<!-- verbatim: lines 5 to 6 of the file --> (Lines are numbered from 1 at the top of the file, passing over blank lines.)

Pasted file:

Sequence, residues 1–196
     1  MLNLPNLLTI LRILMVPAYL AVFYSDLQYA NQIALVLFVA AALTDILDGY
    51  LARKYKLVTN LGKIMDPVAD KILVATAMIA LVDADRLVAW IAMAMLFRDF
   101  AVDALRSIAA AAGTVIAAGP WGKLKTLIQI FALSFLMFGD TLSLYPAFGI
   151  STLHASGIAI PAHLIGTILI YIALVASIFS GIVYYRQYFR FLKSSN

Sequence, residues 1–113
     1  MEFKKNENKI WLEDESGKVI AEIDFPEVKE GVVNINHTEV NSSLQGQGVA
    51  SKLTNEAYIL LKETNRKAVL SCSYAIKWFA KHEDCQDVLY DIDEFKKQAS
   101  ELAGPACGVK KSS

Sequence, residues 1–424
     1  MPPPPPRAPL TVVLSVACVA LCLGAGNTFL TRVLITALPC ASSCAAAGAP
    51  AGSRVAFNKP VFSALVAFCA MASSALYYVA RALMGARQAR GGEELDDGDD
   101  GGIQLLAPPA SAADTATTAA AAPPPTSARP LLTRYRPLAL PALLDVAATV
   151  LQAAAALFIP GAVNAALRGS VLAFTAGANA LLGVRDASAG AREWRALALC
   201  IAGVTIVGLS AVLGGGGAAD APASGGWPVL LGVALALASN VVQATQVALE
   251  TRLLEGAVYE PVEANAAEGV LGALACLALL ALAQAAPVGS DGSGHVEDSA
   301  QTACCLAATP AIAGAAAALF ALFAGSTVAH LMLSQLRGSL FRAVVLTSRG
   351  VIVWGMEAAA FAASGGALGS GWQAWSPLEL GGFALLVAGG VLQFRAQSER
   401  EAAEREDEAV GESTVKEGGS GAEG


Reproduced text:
   151  STLHASGIAI PAHLIGTILI YIALVASIFS GIVYYRQYFR FLKSSN

Sequence, residues 1–113